The new Panigale is a nice-a bike, but the thing that hath been, it is that which shall be; and that which is done is that which shall be done: and there is no new thing under the sun. Former EiC Kevin Duke waxed effusive over the new Panigale V4 here, but ten years earlier there was already a Twin Pulse V4-powered Ducati for him to get equally worked up about – the Desmosedici RR. Among the other mysteries of MO is why all the punctuation marks in here are replaced by ? in black diamonds… pretend you don’t notice as we stroll down memory pit lane.
No soft pulses are felt from the D16�s saddle � this thing snorts and sprints around a racetrack like a rampaging demon, as we found out during a few lapping sessions at Willow Springs Raceway.
Our test unit was equipped with the race ECU and exhaust system included with each Desmosedici, a no-brainer swap for the standard street exhaust. So equipped, it is said to achieve the magic 200-horsepower mark at 13,800 rpm when measured at the crankshaft. As for rear-wheel power numbers, those who have had it on a Dynojet dyno say it�s pushing nearly 180 hp. Peak crankshaft torque of 85.3 ft-lbs arrives way up at 10,500 rpm.
When a motorcycle has a retail price that compares unfavorably with a rural home in Iowa, it makes one wonder why it costs so much.
Here�s a partial list of the many high-end components on the luscious Desmosedici RR.
‘The Desmosedici is like a barely tamed wild animal.’
Yet this is no pussycat. Get hard on the throttle, and the D16 romps forth like a Gixxer on nitrous! It shows itself to be quite torquey but then comes on with a wicked surge past 10,000 rpm that inhales literbikes on straightaways like they are 600s. Every straight, no matter how short, becomes a passing opportunity. Vibration gets intense at high revs, putting in the mind of the rider a question: �Are you sure you want to use that much throttle?�
Yes we do!
The Desmosedici is like a barely tamed wild animal. It�s highly visceral and with an intensity that threatens to overwhelm a rider�s senses. It sounds downright angry on trailing throttle, as a 13.5:1 compression ratio threatens to skid the rear wheel if not for the racing-style slipper clutch. At neutral throttle it emits a menacing grrrrrr! that would be antithetical to anything from, say, Honda. The throttle response from the 50mm Magneti Marelli throttle bodies with 12-hole ‘microjet’ above-throttle injectors is a bit snatchy, adding to the brutish impression.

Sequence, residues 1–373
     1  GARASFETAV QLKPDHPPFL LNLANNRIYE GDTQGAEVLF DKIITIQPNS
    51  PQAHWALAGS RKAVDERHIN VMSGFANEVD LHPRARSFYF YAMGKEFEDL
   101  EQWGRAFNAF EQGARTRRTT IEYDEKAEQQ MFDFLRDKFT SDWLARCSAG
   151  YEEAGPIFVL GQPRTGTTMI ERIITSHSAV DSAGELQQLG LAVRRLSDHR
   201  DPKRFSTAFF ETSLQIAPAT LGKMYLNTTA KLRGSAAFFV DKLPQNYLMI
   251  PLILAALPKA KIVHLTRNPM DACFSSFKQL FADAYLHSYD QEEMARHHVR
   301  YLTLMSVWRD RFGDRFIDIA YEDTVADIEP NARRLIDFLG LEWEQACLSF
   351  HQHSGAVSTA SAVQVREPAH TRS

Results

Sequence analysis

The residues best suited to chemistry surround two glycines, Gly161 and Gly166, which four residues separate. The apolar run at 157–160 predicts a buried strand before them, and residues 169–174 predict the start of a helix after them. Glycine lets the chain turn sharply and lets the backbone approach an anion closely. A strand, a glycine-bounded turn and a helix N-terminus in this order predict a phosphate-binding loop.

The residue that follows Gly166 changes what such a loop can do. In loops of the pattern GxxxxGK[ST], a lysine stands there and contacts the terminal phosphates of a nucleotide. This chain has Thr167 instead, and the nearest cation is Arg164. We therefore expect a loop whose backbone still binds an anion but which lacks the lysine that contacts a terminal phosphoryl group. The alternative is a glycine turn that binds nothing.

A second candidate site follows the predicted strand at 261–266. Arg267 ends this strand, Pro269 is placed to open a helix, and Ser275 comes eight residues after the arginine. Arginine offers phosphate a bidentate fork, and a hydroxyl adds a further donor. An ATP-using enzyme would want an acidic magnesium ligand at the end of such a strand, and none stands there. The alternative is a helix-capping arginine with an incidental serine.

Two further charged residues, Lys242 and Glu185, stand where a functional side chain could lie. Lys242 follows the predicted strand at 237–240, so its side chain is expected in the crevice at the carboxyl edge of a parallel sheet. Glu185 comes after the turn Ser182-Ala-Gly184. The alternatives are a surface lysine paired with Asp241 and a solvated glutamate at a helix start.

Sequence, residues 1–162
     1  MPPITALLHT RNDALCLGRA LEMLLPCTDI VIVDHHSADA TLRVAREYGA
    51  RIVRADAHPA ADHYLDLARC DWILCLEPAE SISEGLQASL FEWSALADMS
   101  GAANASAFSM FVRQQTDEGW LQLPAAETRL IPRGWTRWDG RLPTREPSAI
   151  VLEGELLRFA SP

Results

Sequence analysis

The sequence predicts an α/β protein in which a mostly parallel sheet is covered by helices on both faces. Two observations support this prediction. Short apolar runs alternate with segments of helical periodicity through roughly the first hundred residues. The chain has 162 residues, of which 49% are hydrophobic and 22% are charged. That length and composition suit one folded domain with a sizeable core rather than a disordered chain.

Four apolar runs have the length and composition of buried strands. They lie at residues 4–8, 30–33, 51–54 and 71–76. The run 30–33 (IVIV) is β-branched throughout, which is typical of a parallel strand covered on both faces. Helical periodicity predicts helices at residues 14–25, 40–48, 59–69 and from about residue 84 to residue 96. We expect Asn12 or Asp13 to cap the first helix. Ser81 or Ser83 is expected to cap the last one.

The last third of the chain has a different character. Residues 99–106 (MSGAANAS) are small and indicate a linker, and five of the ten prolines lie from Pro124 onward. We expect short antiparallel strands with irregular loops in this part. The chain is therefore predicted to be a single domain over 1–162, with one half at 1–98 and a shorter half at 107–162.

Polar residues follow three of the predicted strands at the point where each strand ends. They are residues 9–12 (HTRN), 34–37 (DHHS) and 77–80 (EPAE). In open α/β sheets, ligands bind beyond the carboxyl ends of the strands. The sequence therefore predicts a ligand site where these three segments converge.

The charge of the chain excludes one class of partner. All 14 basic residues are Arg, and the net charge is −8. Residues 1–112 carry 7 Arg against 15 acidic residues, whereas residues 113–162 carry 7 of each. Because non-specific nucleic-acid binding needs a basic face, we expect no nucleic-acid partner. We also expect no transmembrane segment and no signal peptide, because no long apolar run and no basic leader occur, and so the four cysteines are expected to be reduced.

The D16�s handling characteristics are similarly racerish. Its chassis geometry (24.5-degree rake, 3.8 inches of trail and 56.3-inch wheelbase) is said to be identical to the MotoGP racer, but these numbers are fairly conservative in the street-sportbike realm. So, despite the reduced gyroscopic forces from the ultra-lightweight forged-magnesium wheels and a relatively light claimed dry weight of 377 lbs, the D16RR doesn�t flick into corners as quickly as expected.
And, like other racebikes I�ve sampled, the Desmosedici proved to be sprung too stiffly for my minimal weight and talent. The suspension was made more compliant after some adjustments, but its heavy springs remained too unyielding � I could still feel the rear end topping out over bumps. Its pegs are high and very rear-set, making it surprisingly difficult to drag a knee. And the $72K price tag doesn�t encourage pitching it in with abandon! Basically, the supremely capable D16 scoffs at the abilities of mere mortals.
“Never have I ridden a machine more capable of exacerbating my ineptness than this 400-lb pit bull,” said senior editor Pete Brissette after a wide-eyed session aboard the Desmo.
Ko is one of those guys who we�d love to hate but can�t. He runs a successful business that affords him the opportunity to fill his garage with a revolving collection of highly prized bikes. But instead of inspiring feelings of envy, Ko proves to be an avid motorcycle enthusiast like the rest of us. He�s a former racer (bike and auto) who really knows his stuff, and he�s also as down-to-earth as your buddy who works at WalMart.